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Posted By foodgal On October 2, 2008 @ 5:51 am In Bakeries,Fruit,General,Recipes (Sweet) | 6 Comments
When sweet, juicy strawberries finally arrive in spring, my husband will choose to eat a banana instead. When I can’t get my fill of peaches, plums, apricots, and candy-sweet pluots in the height of summer, my hubster still prefers a banana. In fact, hardly ever varying from habit, he eats a banana just about every morning.
It’s not that he doesn’t like other fruit. It’s not even that bananas are his favorite thing in the world to eat. It’s just that — how can I put this delicately — he’s lazy. Oh, believe me, he will be the first to admit that he is. Go ahead, ask him. Why go to the trouble of washing and slicing other fruit, he will tell you, when a banana requires none? Case closed.
A banana does possess many merits. It’s the perfect grab-and-go food. It’s easily portable, what with its own built-in protective case. It’s full of good-for-you potassium. And it’s easy to digest — for everyone from kids to grandparents to those with upset tummies.
I enjoy bananas, too — sliced atop Greek yogurt, with a sprinkling of crunchy granola. I also love them in banana bread, still warm right out of the oven. So when I spied this banana bread recipe from Oakland’s Bakesale Betty, I knew I had to try it.
I’ve yet to have the pleasure of visiting the Oakland shop, where the fried chicken sandwiches and strawberry shortcakes are legendary. Because the place has such a following already, I had high hopes for this banana bread by owner-baker Alison Barakat, an Aussie transplant who used to work at Chez Panisse in Berkeley. Trust me, it didn’t disappoint.
The batter mixes up easily, with no ingredients for which you’ll have to make a special trip to the store. And if you have a husband like mine, you always have bananas on hand, and have no excuse not to bake this treat. In fact, I almost always have a few peeled, over-ripe bananas in a plastic bag in the freezer for times just like this or to whip up smoothies. Just defrost in the fridge ahead of time for baking, or toss them still-frozen into a blender for a thick, creamy protein shake.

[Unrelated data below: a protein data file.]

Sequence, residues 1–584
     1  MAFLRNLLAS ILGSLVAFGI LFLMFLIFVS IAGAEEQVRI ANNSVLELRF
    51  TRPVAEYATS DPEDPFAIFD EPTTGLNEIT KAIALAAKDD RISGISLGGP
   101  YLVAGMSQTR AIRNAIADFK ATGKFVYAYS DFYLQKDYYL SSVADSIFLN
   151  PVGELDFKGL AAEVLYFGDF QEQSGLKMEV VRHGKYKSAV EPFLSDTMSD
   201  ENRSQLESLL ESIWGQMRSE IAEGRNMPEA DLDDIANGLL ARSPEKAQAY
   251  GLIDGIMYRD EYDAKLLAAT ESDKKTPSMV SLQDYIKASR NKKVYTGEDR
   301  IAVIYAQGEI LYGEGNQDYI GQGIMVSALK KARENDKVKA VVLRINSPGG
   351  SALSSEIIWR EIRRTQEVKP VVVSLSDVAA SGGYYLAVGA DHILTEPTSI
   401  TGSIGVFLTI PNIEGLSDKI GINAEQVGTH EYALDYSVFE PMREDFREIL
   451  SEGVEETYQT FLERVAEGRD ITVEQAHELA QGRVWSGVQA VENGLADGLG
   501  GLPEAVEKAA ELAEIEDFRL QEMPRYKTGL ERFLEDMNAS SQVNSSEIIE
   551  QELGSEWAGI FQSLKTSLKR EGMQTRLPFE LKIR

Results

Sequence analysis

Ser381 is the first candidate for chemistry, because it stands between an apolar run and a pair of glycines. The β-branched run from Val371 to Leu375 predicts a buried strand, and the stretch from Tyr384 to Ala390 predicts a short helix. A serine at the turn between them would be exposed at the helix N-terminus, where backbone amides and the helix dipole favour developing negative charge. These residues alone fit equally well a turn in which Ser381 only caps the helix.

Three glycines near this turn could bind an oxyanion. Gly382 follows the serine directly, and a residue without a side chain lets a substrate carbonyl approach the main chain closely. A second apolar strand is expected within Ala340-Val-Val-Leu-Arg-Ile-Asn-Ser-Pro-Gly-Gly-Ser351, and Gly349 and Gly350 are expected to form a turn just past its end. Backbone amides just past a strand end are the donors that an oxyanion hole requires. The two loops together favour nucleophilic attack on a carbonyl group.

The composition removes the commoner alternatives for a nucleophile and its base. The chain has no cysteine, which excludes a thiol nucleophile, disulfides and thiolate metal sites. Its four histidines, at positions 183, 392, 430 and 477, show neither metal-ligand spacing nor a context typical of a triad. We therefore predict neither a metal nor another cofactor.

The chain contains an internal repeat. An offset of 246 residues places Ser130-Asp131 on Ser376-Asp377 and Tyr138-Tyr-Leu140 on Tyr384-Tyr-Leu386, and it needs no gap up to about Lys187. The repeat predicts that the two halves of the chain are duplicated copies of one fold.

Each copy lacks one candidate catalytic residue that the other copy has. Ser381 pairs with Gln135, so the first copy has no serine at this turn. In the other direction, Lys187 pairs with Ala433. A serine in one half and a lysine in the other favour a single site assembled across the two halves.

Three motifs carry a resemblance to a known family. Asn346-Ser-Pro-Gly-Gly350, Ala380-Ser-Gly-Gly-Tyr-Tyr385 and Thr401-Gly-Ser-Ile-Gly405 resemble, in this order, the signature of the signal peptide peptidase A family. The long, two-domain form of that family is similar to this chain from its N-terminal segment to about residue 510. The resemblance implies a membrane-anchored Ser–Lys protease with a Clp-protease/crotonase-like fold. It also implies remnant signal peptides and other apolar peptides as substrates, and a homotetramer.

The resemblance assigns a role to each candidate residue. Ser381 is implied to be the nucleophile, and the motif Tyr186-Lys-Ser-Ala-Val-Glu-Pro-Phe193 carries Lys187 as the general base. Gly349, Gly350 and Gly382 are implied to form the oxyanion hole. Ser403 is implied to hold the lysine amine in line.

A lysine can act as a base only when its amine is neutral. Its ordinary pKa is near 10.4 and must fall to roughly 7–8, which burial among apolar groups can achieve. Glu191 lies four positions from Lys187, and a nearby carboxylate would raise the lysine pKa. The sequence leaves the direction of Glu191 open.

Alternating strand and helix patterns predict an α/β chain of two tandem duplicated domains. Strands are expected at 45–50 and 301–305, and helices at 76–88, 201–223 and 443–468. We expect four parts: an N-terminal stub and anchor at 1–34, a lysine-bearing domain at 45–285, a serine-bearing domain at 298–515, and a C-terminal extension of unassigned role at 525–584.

I added chopped pecans to the banana bread batter, only because I like the added texture and I happened to have some on hand.
Pour the batter into the greased and floured loaf pan, then sprinkle on the cinnamon-sugar mixture. What emerges is a cross between banana bread and coffee cake, with a wonderfully moist, tender crumb.
That evening, my hubby eagerly reached for a slice of fresh-baked banana bread. And the next morning, just like always, he grabbed a banana for breakfast. After all, some habits never die. They just become more appreciated for all their quirky charm.
Bakesale Betty’s Banana Bread with Cinnamon Crumble Topping
(makes 1 loaf)
1 ½ cups all-purpose flour
1 cup plus 2 tablespoons granulated sugar, divided use
2 teaspoons ground cinnamon, divided use
1 teaspoon baking soda
½ teaspoon salt
1 cup mashed ripe bananas (2 to 3 medium)
2 large eggs
½ cup vegetable oil
¼ cup honey
¼ cup water
1 cup chopped pecans or walnuts (optional; my own addition)
2 ½ tablespoons (packed) brown sugar
Preheat oven to 350 degrees. Butter and flour a 9-by-5-by-3-inch metal baking pan. Whisk 1 ½ cups flour, 1 cup sugar, 1 teaspoon cinnamon, baking soda, and salt in medium bowl. Whisk next 5 ingredients in large bowl until smooth. Add dry ingredients; stir to blend. Transfer batter to pan. Mix 2 tablespoons granulated sugar, 1 teaspoon cinnamon, and brown sugar; sprinkle over batter.
Bake bread until tester inserted into center comes out clean, about 1 hour. Cool bread in pan 30 minutes. Turn pan on its side; slide out bread, being careful not to dislodge topping. Turn bread right side up and cool completely.
From Bon Appetit magazine, September 2008
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